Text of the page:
Defense budget displays China’s steadiness

Global Times
Huang Panyue

China will raise its defense budget by 8.1 percent in 2018 and set its GDP growth target for about 6.5 percent this year. These are the most eye-catching figures on the opening day of the first session of the 13th National People's Congress Monday.

The increase in China's defense budget is higher than the 7 percent of 2017, but is much lower than double-digit increases that lasted for many years before 2016. Taking into account US military expenditure that received a boost of over 10 percent in the fiscal year 2018, and the fact that annual US military spending is four times that of China's, the 8.1 percent rise is indeed not much.

China has obviously not fallen into the mind-set of engaging in an arms race with the US. Otherwise it could totally realize double-digit increases in its defense expenditure. After all, the country's military spending accounts for less than 1.5 percent of GDP while NATO members spend at least 2 percent of their GDP and the US is spending 4 percent.

Washington publicly called China a strategic competitor. Its warships continue to make provocative gestures in the South China Sea. The US, Japan, Australia and India are forming an alliance and tensions are emerging in the Taiwan Straits. All these factors demand an increased defense budget. But Beijing has stuck to its own template and was not disturbed by external factors.

The figure mirrors China's confidence in its national defense. Pressure from the outside did not shake the country's own plan.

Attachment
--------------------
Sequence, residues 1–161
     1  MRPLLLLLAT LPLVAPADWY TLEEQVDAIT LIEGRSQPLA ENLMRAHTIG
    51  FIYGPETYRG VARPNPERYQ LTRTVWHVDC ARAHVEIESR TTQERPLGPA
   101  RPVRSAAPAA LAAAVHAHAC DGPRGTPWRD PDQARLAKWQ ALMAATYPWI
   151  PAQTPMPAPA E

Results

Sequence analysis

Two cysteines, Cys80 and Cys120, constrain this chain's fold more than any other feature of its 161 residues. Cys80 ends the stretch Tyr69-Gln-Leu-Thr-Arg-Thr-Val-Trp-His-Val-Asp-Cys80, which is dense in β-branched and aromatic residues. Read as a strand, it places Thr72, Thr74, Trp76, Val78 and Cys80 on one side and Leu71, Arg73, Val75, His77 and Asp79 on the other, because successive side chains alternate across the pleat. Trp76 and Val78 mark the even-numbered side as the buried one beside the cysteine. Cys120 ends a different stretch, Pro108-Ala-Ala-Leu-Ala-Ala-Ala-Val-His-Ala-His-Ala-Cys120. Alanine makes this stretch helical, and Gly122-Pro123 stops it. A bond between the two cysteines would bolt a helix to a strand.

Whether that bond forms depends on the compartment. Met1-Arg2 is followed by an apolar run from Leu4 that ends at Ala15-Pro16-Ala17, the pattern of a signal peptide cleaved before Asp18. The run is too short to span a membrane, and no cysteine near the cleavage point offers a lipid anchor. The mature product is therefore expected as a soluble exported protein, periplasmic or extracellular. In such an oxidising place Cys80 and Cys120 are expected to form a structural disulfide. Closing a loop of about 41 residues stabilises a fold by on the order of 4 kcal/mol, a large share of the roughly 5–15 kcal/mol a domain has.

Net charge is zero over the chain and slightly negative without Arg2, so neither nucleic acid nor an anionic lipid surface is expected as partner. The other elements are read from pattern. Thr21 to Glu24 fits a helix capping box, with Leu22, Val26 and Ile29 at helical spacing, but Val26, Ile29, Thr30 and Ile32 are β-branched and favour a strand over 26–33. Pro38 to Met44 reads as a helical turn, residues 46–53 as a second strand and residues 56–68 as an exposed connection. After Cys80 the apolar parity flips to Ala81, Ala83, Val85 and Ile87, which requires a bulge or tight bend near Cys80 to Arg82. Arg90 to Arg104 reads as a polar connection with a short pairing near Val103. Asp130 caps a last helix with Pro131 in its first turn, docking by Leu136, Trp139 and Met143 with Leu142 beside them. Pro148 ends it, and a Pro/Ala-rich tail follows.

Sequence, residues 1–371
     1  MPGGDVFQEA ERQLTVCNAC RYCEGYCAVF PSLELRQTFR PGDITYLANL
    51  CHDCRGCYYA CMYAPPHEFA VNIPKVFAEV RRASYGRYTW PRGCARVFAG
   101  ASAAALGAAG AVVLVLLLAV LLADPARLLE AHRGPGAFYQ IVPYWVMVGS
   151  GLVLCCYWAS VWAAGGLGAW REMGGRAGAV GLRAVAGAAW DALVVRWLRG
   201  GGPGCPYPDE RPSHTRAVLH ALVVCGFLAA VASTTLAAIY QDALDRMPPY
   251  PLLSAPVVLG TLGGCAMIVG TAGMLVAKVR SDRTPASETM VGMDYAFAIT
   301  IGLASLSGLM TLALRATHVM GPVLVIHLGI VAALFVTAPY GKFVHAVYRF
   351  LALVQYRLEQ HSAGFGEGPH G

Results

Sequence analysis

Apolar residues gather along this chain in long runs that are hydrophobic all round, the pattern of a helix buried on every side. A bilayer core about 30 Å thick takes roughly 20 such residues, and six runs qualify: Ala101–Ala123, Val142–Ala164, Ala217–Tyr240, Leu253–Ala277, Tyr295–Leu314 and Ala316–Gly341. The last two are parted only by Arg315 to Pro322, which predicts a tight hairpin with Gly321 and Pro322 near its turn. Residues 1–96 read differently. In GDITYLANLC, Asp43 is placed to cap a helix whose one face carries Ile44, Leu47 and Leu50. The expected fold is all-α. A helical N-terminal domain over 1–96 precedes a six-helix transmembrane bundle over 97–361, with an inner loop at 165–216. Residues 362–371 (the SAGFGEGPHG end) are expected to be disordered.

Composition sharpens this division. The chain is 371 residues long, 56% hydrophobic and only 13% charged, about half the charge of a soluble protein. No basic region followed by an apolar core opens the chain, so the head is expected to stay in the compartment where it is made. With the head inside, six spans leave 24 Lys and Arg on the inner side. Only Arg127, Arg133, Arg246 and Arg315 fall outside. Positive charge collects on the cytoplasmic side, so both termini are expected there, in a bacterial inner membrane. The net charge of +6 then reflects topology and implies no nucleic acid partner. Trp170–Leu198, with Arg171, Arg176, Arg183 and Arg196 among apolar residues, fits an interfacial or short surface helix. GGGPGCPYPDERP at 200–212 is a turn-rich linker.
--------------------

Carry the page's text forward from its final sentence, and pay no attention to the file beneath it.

It also echoed China's faith in its peaceful rise. If China really wanted to expand, then only a 20 percent or 30 percent military budget rise would make sense.

Although China's national defense construction is developing fast, it is highly coordinated with China's overall economic and social development.

China emphasizes steadiness, which can be told by another key figure: 6.5 percent economic growth. The nation's economy grew 6.9 percent in 2017 and its outlook is widely considered optimistic. But the government lowered the goal, making room for all of society to deal with all kinds of difficulties and risks.

These two figures - 8.1 percent and 6.5 percent - show the outside world China's strategic choice.

After years of reforms, the country abandoned the pursuit of quick success and instant benefits and established sustainability in its development. It sacrificed the benefit of developing at a high speed and eliminated many risks in return.

China is developing in an all-round way. Its modernization is not some achievements in a single field but systematic improvement. Such comprehensiveness can be a burden as it means the nation has to take care of every single aspect. However, it is becoming a prominent advantage for China. China makes steady steps forward while boosting the country's endurance. For the moment, China is quietly showing its endurance to the world.


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